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Year : 2021  |  Volume : 23  |  Issue : 111  |  Page : 117--127

Effects of Tonal Noise on Workers’ Annoyance and Performance

Central Institute for Labour Protection, National Research Institute, Czerniakowska 16, Warsaw, Poland

Correspondence Address:
PhD Jan Radosz
Central Institute for Labour Protection — National Research Institute, Czerniakowska 16, 00-701 Warsaw, Poland
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Source of Support: None, Conflict of Interest: None

DOI: 10.4103/nah.NAH_28_20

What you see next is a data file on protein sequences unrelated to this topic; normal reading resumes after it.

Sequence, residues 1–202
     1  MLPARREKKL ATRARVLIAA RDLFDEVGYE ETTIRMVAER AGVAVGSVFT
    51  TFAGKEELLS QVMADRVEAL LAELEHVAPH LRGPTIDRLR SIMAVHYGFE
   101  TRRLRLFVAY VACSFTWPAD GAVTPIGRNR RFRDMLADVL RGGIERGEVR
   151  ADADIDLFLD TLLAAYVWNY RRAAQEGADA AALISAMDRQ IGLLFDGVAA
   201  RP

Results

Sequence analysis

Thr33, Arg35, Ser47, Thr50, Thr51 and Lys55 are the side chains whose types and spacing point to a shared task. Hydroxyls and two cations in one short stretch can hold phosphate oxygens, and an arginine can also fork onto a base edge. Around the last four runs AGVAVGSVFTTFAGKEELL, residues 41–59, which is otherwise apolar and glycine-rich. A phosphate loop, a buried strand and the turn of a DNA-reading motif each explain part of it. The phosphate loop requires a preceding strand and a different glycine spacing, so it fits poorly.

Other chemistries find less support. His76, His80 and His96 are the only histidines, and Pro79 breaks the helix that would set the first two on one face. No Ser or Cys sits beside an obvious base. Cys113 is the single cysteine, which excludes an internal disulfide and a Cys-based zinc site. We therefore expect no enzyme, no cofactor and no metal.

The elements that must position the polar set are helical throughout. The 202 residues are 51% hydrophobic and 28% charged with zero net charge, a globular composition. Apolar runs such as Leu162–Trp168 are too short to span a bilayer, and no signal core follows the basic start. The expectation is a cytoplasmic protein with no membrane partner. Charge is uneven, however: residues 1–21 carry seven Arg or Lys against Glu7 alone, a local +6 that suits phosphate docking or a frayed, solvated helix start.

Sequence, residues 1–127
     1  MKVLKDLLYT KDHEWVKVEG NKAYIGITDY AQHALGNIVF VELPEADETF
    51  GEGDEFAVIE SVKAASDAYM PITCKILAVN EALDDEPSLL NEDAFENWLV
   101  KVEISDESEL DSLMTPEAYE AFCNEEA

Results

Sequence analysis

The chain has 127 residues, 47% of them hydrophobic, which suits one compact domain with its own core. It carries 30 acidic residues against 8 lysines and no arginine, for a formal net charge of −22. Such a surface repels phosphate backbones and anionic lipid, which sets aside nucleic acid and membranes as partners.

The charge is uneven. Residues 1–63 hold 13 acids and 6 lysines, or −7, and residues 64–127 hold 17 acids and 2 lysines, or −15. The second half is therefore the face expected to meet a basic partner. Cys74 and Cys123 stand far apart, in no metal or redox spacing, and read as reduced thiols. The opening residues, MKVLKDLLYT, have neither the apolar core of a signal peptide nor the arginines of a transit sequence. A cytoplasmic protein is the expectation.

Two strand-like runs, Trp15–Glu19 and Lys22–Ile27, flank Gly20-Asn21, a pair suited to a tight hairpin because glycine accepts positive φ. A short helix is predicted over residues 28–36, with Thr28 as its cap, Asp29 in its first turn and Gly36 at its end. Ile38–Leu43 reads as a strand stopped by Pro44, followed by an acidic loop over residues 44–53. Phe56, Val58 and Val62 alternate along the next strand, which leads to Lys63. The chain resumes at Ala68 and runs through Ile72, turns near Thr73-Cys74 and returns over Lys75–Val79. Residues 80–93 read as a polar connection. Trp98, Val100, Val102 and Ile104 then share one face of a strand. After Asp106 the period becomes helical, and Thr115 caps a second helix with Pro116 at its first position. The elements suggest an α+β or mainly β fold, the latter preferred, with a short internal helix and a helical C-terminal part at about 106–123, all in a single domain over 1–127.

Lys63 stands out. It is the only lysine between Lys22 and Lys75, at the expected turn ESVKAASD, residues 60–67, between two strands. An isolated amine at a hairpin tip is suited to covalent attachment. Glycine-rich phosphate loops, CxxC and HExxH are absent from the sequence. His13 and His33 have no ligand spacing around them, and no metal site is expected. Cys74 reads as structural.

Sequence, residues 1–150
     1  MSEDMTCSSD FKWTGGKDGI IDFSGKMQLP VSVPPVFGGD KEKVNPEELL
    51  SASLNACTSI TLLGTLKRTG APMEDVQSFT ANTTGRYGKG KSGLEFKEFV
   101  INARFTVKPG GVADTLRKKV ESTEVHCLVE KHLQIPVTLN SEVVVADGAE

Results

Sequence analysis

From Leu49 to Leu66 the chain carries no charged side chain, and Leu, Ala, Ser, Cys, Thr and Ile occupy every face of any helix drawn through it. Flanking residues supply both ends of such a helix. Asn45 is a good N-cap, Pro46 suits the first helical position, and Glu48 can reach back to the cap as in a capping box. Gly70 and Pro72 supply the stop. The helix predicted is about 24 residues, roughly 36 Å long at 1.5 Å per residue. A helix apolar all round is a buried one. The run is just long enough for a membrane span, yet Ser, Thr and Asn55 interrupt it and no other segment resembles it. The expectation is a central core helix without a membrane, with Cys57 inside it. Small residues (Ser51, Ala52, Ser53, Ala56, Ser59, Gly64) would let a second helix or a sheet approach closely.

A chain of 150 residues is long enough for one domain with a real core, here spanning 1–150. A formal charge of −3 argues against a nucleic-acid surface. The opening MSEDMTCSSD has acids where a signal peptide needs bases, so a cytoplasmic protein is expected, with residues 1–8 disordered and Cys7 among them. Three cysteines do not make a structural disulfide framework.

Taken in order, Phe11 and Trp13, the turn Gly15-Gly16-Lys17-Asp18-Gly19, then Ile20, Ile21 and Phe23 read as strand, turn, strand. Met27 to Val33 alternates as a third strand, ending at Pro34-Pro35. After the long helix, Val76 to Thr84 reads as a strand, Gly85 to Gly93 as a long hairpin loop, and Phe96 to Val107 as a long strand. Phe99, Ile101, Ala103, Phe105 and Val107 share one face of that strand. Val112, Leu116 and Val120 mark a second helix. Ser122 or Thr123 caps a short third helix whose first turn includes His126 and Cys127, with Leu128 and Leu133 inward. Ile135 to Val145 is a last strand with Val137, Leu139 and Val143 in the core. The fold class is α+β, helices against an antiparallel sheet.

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Objective: Numerous references indicate that the subjectively assessed tonal noise annoyance is higher than that of broadband noise. There are no criteria for the impact of tonal noise in assessing the occupational environment for both indoor areas and workplaces. Materials and Methods: The study participants included 50 people who met the audiometric qualification criteria. The research method employed both a questionnaire survey and computer psychological tests checking work performance, attention level, and memory. Four types of generated test signals were developed (filtered noise − A and three signals with tonal components 125, 1600, and 8000 Hz − B, C, and D) at the same sound level A of 55 dB. Test signals C and D were assessed as causing the greatest annoyance and as the loudest. Results: The results of some tests and the assessment of annoyance and of the volume of test signals containing medium and high frequency tonal components were correlated with the participants’ noise sensitivity, determined on the basis of a questionnaire. Although there are no statistically significant differences, it was observed in most cases for signals with C (1600 Hz) and D (8000 Hz) tonal components that the results (mean values or median values) of psychological tests deteriorated with respect to a noise signal without tonal components (A) − a smaller number of calculations, a smaller number of correct responses, more errors made. Conclusion: These results, combined with those of the questionnaire survey, justify the introduction of the tonality annoyance criterion for workstations where, among other things, focusing one’s attention is required.


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